Is Apple Jumping Into The Ad Blocking Fray … Again?

Apple is rolling out products to cut down on autoplay video and retargeting.

At its Worldwide Developers Conference in San Jose on Thursday, Apple said it’s planning two features in the next version of Safari, dubbed High Sierra, that will cut down on ads that stalk you around the internet and videos that play uninvited.

Sounds a heck of a lot like an ad blocker. But not so, said Craig Federighi, Apple’s SVP of software engineering.

“This is not about blocking ads,” Federighi said. “The web behaves as it always did. But your privacy is protected.”

Autoplay blocking in High Sierra will detect sites that shouldn’t be playing video and stop them from disrupting the reading and viewing experience. Users who want to hit play can do so.

“Intelligent tracking prevention” will use machine learning to identify trackers and stop websites from tracking a user’s browser data.

“Ever had an experience when you buy something on the web – and you even complete the purchase – and then it seems that everywhere you go on the web it follows you around?” Federighi said, trotting out the oft-cited criticism of retargeting. “If it kind of feels like you’re being tracked – it’s because you are.”

Apple has long held itself above the rest of the ecosystem as the lone technology giant that actually cares about user privacy.

In 2014, Apple CEO Tim Cook wrote an open letter to the ecosystem in which he declared, “When an online service is free, you’re not the customer. You’re the product. But at Apple, we believe a great customer experience shouldn’t come at the expense of your privacy.”

The following year, Apple whipped the ad industry into a frenzy of fear and self-flagellation when it announced content blocking in iOS 9, which some developers were able to use to create ad blockers for mobile.

And in 2016, Apple announced Limit Ad Tracking in iOS 10, which allows users to opt out of ad tracking and prevents ad networks from targeting those users with ads.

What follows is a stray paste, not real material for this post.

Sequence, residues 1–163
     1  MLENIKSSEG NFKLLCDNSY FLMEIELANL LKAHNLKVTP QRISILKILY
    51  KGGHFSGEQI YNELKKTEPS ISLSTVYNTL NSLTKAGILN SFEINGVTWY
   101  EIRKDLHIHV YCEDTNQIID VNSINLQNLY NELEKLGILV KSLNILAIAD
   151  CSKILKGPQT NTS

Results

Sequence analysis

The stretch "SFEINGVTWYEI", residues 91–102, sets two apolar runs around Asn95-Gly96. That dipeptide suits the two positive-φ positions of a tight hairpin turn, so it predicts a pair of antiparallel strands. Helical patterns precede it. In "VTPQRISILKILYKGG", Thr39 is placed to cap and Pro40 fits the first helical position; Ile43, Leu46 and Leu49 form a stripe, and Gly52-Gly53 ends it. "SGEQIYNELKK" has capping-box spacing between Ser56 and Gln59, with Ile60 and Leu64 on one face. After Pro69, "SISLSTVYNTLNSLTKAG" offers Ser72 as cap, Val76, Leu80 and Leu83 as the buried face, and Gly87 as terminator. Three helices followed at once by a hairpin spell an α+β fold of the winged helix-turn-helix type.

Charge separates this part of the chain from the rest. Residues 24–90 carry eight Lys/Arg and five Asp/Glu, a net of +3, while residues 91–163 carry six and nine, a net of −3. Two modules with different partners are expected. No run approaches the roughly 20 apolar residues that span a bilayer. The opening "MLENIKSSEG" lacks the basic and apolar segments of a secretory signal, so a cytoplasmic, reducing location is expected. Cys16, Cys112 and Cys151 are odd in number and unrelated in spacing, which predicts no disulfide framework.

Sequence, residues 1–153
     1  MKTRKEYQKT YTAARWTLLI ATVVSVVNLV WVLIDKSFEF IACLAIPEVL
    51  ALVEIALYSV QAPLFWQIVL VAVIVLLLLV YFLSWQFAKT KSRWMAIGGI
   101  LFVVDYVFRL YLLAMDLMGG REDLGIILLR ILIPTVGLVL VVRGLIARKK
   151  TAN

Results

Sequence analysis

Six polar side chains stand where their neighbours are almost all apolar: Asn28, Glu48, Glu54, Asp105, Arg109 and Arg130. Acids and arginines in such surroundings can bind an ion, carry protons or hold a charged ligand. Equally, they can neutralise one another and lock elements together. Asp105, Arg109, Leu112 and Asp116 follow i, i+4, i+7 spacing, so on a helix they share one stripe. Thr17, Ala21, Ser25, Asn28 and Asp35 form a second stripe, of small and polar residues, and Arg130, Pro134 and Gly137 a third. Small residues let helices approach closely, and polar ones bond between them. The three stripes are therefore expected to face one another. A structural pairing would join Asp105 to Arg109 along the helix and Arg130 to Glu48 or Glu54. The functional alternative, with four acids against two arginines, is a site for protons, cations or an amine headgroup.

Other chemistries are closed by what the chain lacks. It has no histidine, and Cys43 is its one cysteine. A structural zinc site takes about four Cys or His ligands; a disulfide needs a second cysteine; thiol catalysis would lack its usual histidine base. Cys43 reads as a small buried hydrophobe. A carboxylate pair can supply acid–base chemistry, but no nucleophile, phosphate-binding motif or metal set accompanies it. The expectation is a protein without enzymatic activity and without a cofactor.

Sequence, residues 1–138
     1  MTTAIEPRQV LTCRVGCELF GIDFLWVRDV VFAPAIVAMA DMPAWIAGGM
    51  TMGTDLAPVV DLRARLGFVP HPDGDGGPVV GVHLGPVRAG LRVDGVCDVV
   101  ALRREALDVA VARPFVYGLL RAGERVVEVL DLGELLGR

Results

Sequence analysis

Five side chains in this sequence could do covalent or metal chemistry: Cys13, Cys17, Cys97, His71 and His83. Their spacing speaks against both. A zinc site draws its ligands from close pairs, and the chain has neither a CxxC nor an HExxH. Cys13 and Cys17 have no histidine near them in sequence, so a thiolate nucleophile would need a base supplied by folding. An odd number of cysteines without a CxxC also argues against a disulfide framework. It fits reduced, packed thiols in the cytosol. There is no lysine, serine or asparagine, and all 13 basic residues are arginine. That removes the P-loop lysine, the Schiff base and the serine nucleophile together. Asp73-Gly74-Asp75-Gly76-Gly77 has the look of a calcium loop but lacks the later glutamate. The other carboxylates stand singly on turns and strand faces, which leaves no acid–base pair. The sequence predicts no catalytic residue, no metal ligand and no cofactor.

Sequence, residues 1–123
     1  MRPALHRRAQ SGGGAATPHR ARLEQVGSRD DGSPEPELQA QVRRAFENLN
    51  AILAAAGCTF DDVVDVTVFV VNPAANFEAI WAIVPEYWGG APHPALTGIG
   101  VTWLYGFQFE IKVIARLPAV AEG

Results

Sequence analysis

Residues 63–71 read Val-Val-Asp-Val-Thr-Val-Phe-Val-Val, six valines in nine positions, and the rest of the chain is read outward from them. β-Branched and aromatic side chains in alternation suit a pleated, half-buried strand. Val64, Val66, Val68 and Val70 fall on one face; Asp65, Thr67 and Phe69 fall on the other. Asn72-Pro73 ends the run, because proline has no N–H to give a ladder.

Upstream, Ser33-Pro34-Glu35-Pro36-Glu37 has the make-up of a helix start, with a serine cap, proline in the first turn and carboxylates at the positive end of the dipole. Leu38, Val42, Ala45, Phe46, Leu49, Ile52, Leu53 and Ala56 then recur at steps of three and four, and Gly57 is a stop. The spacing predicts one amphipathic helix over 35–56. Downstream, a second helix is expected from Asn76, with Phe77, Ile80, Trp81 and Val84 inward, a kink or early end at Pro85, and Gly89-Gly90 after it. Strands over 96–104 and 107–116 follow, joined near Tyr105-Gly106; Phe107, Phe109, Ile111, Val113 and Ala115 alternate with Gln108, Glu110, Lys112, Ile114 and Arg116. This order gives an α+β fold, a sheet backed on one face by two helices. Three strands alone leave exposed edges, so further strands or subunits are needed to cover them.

For the moment, Apple’s WWDC announcements only apply to desktop for Safari on MacOS.

It’s too early to say what impact intelligent tracking prevention will have on digital ads, but Apple’s move “appears to be a continuation of the same trend toward certain kinds of ad blocking that consumers don’t want,” said Adam Fingerman, chief experience officer and co-founder of Grey-owned app development agency ArcTouch.

And kudos for Apple for focusing on the experience, he said.

“It’s ultimately a good thing for consumers and responsible advertisers,” Fingerman said. “There’ll be more transparency and it will prevent abuse and privacy violations.”

Hello, Siri (finally)

But despite beating the privacy drum at WWDC, Apple also intimated that it’s going to get a bit more data-driven with the announcement of personalized watch faces for the Apple Watch powered by its virtual assistant, Siri.

Rather than having to choose what information shows up on the watch face, Apple will start automatically populating it with information that changes based on time of day, location, the user’s routine and the apps that person is likely to use.

That might sound like a minor enhancement. But it’s a concrete example of Apple using machine learning “to pull what it thinks is the most relevant data at the moment,” Fingerman said.

For Apple to be able to compete with Google on mobile and in the home, however, “it needs to continue to emphasize AI and machine learning with Siri as the interface” across Mac, iOS and tvOS, Fingerman said.

Siri is also beginning to understand context, interests and “how you use your device, and this allows us to ultimately understand what you want next,” Federighi said, whether that’s helping someone respond to a text message or learning more about topics or interests so it can make better recommendations for news stories to read.

But Apple still has a lot of competition. Both Amazon and Google have a head start and support third-party development to further create experiences for marketers within their voice ecosystem, said Epsilon Chief Digital Officer Tom Edwards.

“For Apple to stay competitive alongside Echo and Google in the voice races, we may see Siri evolve to support more skills and actions that can be driven by marketers,” he said.

And that’s where Apple has the chance to shine: in the interoperability of its platform.

“Having deep integration gives new insight into data sets, opening up the door for more predictive and seamless experiences,” Edwards said.

1 Comment

  1. Body Suit

    Any thoughts about whether this will really impact Criteo? Presumably if Apple makes this option the default in desktop its only a matter of time before it goes mobile. But honestly I fail to see how publishers would not stage a rebellion ... not to mention retailers. I mean who in the ecosystem (besides users) really does not want piping hot retargeting data and auto play video ads? Honestly how else are publishers actually going make money and advertisers actually drive purchases.

    Reply

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